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In this final volume of his biographical trilogy, Maurice Cranston traces the last tempestuous years of Rousseau's life. Unerringly faithful to the evidence, Cranston's narrative allows Rousseau and his contemporaries to speak with renewed vigor and undistorted voice. From his brilliant authorship of the "Confessions," the "Dialogues," and the "Reveries" to his ill-fated sojourn in Britain, from his infamous public quarrel with David Hume to his clandestine return to France, from his unsettled wanderings to his eventual death in 1778 - these and other critical events in Rousseau's fading career are detailed in this balanced portrait. In 1762, with the condemnation of "Emile" and "The Social Contract," harried by both church and state, Jean-Jacques Rousseau fled Paris, seeking refuge in Switzerland, Prussia, and England. Deemed a social outcast and beset with feelings of persecution and abuse, not wholly unwarranted, the philosopher turned in despair to the production of autobiographical works intended to reveal his essential innocence and integrity. Through this bitter introspection, Rousseau transformed his misery and solitude into some of the most enduring literature of his time.

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Book Details

ISBN: 9780226118666
ISBN-10: 0226118665
Format: Paperback
(235mm x 150mm x 16mm)
Pages: 264
Imprint: University of Chicago Press
Publisher: The University of Chicago Press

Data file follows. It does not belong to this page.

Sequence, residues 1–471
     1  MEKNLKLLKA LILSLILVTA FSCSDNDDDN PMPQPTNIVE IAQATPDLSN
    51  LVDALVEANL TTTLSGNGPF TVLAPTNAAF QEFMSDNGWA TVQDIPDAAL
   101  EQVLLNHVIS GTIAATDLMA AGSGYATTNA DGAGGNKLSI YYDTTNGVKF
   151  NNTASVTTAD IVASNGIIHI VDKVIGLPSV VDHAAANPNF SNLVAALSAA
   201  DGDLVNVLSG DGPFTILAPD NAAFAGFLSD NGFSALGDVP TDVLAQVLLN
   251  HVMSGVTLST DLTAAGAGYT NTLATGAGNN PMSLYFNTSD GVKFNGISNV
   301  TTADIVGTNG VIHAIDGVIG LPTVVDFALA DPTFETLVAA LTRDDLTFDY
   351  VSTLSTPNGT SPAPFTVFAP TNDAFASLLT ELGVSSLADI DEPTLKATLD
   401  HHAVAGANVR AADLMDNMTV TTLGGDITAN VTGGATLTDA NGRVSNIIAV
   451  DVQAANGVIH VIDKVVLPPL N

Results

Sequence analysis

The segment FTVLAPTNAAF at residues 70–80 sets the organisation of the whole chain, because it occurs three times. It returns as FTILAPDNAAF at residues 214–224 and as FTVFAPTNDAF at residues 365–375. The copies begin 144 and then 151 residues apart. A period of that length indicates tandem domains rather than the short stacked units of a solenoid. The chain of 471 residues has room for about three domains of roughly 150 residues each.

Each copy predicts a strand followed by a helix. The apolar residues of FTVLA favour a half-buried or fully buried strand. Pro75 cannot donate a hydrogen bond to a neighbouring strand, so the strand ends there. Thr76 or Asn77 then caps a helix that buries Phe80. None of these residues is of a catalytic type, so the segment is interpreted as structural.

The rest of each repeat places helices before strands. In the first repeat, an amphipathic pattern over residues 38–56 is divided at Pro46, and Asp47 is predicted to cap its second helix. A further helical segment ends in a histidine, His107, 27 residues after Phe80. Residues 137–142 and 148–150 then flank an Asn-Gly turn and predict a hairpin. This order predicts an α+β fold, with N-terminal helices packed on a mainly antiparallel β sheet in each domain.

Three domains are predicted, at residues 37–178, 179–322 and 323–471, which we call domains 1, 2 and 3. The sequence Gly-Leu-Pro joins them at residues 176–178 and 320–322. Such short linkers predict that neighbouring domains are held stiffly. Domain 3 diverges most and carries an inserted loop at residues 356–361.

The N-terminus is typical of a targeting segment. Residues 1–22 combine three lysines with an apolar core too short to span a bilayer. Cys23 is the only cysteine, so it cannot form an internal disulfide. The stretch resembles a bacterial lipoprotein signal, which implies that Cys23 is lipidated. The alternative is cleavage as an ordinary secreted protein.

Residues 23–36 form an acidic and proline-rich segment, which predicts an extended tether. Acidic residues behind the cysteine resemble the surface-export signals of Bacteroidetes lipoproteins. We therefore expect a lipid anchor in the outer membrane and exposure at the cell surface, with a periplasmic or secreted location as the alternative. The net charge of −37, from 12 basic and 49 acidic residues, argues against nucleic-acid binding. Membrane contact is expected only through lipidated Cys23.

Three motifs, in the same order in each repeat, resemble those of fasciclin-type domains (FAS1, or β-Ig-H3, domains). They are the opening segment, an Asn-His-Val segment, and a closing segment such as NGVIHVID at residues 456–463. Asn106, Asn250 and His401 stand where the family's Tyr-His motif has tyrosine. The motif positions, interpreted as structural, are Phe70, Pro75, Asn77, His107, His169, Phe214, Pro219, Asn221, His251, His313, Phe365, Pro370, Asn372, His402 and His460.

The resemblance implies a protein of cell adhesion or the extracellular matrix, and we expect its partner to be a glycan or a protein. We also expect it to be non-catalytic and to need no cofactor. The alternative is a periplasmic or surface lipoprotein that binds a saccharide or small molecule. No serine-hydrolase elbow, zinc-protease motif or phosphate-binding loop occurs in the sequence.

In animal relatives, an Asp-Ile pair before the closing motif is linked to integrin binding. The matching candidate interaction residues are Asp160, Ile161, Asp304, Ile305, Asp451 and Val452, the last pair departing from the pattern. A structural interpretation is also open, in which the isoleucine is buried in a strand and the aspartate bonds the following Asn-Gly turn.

Publish Date: 10-May-1999
Country of Publication: United States

Reviews

US Kirkus Review » Cranston concludes his three-volume biography of Rousseau (Jean Jacques: The Early Life and Work, 1983; The Noble Savage, 1991) with a dispassionate chronicle of the philosopher's bitter last years - a period of exile, persecution, and paranoia. Cranston died just before finishing the biography; his colleague Sanford Lakoff (Univ. of Calif.) has added a final chapter using Cranston's notes and the text of a lecture, adding a useful epilogue distilled from Cranston's previous books on Rousseau's thought. Cranston ended The Noble Savage with Rousseau's transformation from "literary celebrity to cult figure" after the publication of The Social Contract, and Julie, ou la Nouvelle Heloise. Infamy closely followed fame: When friends tied to have his novel Emile published in Paris, it was condemned, publicly burned, and a warrant was issued for his arrest. He was forced into uncertain wanderings, which Cranston conscientiously tracks. Staying above Rousseau's emotional perspective, Cranston traces his increasingly heated dealings with his publisher and his feuds with the group of Paris philosophes dominated by Voltaire. Rousseau was thrown out of the Swiss canton of Neuchatel, where he had found asylum, after Letters from the Mountains, a work highly critical of the Swiss, was published. He traveled to Bern, had a romantic interlude on the isle of Saint-Pierre, then had to flee again. He accepted David Hume's offer of asylum in England. Cranston gives an admirably impartial account of the stormy relationship of this philosophical odd couple, though he gives scant attention to the composition of the Confessions, which occurred roughly simultaneously. He is, however, always meticulously objective in tracing Rousseau's franctic actions and complex, contradictory character. A sober, concise chaser to the intoxicating Confessions (though more a starting point than the last word on that work) and a muted, though moving, conclusion to a remarkable work of scholarship and sympathy. (Kirkus Reviews)


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